Brazilian firefighters said on Saturday that at least 34 people were killed when a dam burst at an iron ore mine owned by Vale SA, as rescuers continued to search for hundreds still missing.
The Minas Gerais state fire department also said 23 people have been hospitalized after the dam released a torrent of mud on Friday, leaving a roughly 500-foot-wide wake of destruction.
In an earlier statement, the department had said 300 people were still missing and 46 had been found alive, a figure that it did not update in its latest disclosure.
Firefighters focused their hopes for finding survivors on a bus, a train, mining offices and nearby homes that were buried on Friday in mud after the dam break at Vale’s Corrego do Feijao facility in Minas Gerais state.
Frantic family members of the missing crowded into a warehouse set up by Vale for those affected, next to a stretch of river now demolished by the sludge. More than a dozen helicopters helping to survey the area took off and landed from a soccer field nearby.
“Unfortunately, at this point, the chances of finding survivors are minimal. We’re likely to just be recovering bodies,” Romeu Zema, governor of Minas Gerais, told local media.
Daily Folha de S.Paulo reported Saturday that the dam’s mining complex, owned and operated by Brazilian mining company Vale, was issued an expedited license to expand in December due to “decreased risk.”
Preservation groups in the area say the approval was unlawful.
Lt. Pedro Aihara, a spokesman for state firefighters, told reporters that they had found a bus they believed could be filled with bodies. However, accessing the bus buried in yards of mud was proving difficult.
“We need a special machine to access the structure and recover victims,” Aihara said. “The number of dead is going to go up.”
Israel said it was sending a mission to Brazil to help in rescue operations and provide aid. The mission will leave within 24 hours, according to a statement by Israeli Prime Minister Binyamin Netanyahu’s office.
Netanyahu offered the help during a call with Brazilian President Jair Bolsonaro. Bolsonaro accepted.
Firefighters distributed to news outlets lists of people who had been rescued or accounted for. But there were still scores of families in the city desperately awaiting word on their loved ones.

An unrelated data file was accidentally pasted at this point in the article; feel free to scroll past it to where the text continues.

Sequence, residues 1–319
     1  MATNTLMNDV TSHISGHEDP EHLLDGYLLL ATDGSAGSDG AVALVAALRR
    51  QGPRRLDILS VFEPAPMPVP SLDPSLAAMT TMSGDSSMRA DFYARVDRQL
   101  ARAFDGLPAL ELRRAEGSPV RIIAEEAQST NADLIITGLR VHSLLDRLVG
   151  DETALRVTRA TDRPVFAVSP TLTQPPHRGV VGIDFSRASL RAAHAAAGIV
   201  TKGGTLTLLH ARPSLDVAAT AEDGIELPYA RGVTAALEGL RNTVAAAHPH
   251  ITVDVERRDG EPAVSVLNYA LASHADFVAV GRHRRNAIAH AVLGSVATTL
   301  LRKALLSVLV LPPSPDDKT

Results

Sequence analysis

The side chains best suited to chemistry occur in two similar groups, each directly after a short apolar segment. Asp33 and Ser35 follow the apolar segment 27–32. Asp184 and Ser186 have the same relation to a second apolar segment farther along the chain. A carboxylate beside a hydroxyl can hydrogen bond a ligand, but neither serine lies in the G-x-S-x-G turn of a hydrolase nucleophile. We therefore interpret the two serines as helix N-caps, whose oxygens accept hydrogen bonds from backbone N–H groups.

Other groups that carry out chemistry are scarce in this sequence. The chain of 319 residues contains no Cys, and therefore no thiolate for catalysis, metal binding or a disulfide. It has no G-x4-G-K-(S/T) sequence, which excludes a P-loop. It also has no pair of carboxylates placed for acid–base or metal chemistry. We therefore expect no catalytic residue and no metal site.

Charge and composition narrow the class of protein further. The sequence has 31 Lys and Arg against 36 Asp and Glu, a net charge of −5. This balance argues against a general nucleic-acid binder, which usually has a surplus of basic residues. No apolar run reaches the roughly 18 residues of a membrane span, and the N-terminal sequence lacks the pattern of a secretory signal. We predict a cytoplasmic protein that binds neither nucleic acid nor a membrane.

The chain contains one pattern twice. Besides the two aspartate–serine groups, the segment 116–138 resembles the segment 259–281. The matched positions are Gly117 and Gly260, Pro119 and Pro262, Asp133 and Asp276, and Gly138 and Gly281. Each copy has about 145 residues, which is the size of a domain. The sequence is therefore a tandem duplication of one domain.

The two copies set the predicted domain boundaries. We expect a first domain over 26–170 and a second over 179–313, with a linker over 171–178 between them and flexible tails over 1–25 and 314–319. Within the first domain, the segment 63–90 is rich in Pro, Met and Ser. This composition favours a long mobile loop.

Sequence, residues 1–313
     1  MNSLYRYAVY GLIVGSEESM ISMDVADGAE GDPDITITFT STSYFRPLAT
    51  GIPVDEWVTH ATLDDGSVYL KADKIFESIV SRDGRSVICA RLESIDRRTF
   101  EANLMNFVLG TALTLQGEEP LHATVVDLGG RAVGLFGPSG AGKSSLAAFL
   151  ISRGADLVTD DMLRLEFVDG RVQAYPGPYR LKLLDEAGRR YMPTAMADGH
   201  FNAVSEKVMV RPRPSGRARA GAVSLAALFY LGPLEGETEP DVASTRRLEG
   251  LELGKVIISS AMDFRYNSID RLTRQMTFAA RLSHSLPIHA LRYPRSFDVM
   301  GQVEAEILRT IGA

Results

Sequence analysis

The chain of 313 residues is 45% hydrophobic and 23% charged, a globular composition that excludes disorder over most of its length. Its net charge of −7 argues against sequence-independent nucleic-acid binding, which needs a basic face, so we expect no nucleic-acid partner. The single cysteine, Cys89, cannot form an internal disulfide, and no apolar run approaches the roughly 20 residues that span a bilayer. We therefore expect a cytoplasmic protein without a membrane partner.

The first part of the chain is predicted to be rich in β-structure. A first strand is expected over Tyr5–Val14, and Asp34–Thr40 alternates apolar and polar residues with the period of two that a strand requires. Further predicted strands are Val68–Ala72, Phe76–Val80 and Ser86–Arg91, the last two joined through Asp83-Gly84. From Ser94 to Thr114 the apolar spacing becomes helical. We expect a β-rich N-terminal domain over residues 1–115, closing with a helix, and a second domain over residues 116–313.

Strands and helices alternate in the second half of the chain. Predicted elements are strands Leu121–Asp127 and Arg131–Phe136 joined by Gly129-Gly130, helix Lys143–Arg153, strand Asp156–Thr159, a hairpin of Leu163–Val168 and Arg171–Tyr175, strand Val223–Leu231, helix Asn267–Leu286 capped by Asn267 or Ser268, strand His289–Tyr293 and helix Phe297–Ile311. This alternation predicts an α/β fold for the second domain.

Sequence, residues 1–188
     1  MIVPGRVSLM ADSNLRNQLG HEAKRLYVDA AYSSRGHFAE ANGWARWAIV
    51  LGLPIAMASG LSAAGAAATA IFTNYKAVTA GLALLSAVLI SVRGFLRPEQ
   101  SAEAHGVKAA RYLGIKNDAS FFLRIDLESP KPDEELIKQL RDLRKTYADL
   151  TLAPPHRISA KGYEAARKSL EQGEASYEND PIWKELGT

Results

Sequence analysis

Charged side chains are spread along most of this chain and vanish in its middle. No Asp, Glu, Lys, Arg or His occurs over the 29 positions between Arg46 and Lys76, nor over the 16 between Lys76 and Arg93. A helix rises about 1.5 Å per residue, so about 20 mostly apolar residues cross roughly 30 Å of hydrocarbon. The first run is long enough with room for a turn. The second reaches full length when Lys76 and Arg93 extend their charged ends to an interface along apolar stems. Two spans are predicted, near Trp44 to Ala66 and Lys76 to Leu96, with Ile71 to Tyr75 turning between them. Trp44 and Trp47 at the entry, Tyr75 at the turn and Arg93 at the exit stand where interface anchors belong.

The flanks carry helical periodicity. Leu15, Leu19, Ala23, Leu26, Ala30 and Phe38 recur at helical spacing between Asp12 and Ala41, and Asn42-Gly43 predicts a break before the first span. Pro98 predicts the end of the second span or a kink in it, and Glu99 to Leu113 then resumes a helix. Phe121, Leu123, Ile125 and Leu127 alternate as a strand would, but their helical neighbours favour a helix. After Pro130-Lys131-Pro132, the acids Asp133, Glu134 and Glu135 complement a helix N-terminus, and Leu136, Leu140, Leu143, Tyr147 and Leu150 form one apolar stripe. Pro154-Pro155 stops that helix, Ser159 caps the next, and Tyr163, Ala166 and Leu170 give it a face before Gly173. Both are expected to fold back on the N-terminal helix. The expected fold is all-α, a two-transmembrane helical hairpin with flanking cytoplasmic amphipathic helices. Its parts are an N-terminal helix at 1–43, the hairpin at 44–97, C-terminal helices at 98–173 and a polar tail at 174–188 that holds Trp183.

For many, hope was fading to anguish.
The status of others in the city of Brumadinho was unknown Saturday, but the level of devastation quickly led Bolsonaro and other officials to describe it as a “tragedy.”
The rivers of mining waste raised fears of widespread contamination.
According to Vale’s website, the waste, often called tailings, is composed mostly of sand and is non-toxic. However, a U.N. report found that the waste from a similar disaster in 2015 “contained high levels of toxic heavy metals.”
Vale CEO Fabio Schvartsman said he did not know what caused the collapse. About 300 employees were working when it happened. About 100 had been accounted for, and rescue efforts were underway to determine what had happened to the others.
“The principal victims were our own workers,” Schvartsman told a news conference Friday evening, adding that the restaurant where many ate “was buried by the mud at lunchtime.”
After the dam collapsed in the afternoon, parts of Brumadinho were evacuated, and firefighters rescued people by helicopter and ground vehicles. Several helicopters flew over the area on Saturday while firefighters carefully traversed heavily inundated areas looking for survivors.
Rooftops poked above an extensive field of the mud, which also cut off roads. The flow of waste reached the nearby community of Vila Ferteco and a Vale administrative office, where employees were present.
On Friday, Minas Gerais state court blocked $260 million from Vale for state emergency services and is requiring the company to present a report about how they will help victims. On Saturday, the state’s Justice Ministry ordered an additional $1.3 billion blocked.
Another dam administered by Vale and Australian mining company BHP Billiton collapsed in 2015 in the city of Mariana in Minas Gerais state, resulting in 19 deaths and forcing hundreds from their homes.
Considered the worst environmental disaster in Brazilian history, it left 250,000 people without drinking water and killed thousands of fish. An estimated 60 million cubic meters of waste flooded rivers and eventually flowed into the Atlantic Ocean.
Schvartsman said what happened Friday was “a human tragedy much larger than the tragedy of Mariana, but probably the environmental damage will be less.”
Bolsonaro, who assumed office Jan. 1, did a flyover of the area on Saturday.
On Twitter, he said his government would do everything it could to “prevent more tragedies” like Mariana and now Brumadinho.
The far-right leader campaigned on promises to jump-start Brazil’s economy, in part by deregulating mining and other industries.